STUDENTS' MONOGRAPH TACKLES CLIMATE CHANGE AS PART OF SBP's PROJECT ACCELERATION PROGRAM
Climate change is a world-wide crisis right now and St. Benedict’s students enrolled in the School’s Project Acceleration program presented a strong argument this past Fall Term on how dire the circumstances are right now.
Projection Acceleration (PA) allows gifted students to earn college credits from Seton Hall University. This means that students from The Hive can begin their college studies right at St. Benedict’s Prep, and will have a transcript from Seton Hall University reflecting credits earned.
This year, St. Benedict’s Boys Prep Division had had 26 students taking courses through Project Acceleration. Classes included African American History, Advanced Art, Meteorology and Senior Religion. French 4 was recently accepted as a Project Acceleration course and will be open to students in the Girls Prep Division next term. We also have 15 students taking courses at NJIT, including Microeconomics and Humanities 101 – Writing, Speaking and Thinking.
“Project Acceleration opens up early college opportunities to more students by leveraging the education and skills of their high school teachers during existing class time,” said Associate Headmaster for Academics at St. Benedict’s Michelle Tuorto H’16.
Tuorto, a Project Acceleration instructor, had six students from her PA class in Meteorology study climate change in the fall. Juniors Everton Browne, Ryan Johnsen and Zakei Shah, along sophomores Pedro Cena, Isaiah Ramos and William Register put together a Monograph on Climate Change.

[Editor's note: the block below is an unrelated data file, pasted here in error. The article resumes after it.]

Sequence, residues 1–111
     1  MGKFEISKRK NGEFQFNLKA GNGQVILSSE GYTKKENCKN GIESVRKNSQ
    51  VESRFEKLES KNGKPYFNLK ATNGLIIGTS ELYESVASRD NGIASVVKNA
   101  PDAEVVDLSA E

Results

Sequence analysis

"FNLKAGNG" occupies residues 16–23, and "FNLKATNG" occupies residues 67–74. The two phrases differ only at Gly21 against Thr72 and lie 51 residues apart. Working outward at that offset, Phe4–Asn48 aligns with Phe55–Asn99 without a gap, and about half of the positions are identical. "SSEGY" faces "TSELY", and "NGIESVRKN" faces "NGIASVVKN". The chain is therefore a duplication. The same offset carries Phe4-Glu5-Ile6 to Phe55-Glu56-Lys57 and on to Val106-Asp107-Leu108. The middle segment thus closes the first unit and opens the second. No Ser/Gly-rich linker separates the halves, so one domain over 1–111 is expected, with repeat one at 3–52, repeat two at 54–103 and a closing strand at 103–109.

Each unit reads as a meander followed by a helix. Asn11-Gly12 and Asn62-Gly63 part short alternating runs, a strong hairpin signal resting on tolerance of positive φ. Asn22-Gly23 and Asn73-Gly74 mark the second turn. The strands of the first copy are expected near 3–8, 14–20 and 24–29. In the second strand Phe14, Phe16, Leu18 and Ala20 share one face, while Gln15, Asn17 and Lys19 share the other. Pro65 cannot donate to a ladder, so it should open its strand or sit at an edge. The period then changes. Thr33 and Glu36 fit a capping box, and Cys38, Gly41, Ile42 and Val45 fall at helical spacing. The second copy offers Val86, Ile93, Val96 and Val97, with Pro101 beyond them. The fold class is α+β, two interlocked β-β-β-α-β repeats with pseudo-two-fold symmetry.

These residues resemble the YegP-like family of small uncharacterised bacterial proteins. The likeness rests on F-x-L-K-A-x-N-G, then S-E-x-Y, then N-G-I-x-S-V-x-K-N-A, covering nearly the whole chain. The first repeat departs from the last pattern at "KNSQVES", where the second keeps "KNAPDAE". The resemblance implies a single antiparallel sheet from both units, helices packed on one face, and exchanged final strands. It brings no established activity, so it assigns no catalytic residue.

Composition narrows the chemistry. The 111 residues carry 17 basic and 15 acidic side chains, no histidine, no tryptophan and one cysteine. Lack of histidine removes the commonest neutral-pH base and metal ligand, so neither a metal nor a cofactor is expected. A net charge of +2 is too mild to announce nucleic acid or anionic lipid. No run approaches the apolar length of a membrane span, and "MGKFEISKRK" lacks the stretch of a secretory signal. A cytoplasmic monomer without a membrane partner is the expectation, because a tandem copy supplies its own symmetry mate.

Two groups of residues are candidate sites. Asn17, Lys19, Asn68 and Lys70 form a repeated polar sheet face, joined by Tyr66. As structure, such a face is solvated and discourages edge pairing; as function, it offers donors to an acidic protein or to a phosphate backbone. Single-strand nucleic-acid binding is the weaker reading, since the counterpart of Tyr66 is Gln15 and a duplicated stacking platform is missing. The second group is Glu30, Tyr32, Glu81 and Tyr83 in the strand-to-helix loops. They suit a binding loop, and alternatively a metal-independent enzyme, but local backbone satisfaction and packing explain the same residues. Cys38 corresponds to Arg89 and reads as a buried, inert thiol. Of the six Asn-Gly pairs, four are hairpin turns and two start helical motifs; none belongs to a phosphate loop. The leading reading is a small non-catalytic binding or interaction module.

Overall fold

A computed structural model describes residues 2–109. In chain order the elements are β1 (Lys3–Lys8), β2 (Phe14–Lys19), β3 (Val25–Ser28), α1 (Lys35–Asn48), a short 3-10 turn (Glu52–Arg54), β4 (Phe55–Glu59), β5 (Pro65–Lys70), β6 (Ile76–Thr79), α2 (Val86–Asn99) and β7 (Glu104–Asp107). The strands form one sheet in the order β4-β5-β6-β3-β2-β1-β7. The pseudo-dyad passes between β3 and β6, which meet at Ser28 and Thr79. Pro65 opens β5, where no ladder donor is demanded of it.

Browne tracked “The Melting of the Glaciers,” Cena studied “The Effects of Climate Changes on Hurricanes,” Johnsen tackled “Climate Change Impact on Agriculture and Crop Productivity,” Ramos presented his facts on “The Effects of Climate Change on Wildlife and Biodiversity,” Register focused on “The Impact of Climate Change on Human Health,” while Shah examined “The Natural Causes of Climate Change.”
The six students who qualified to take part in Tuorto’s PA class were only a fraction of the students who took her meteorology class. They, unlike the rest of the students in the class, were required to complete a research project and they choose to focus on Climate Change.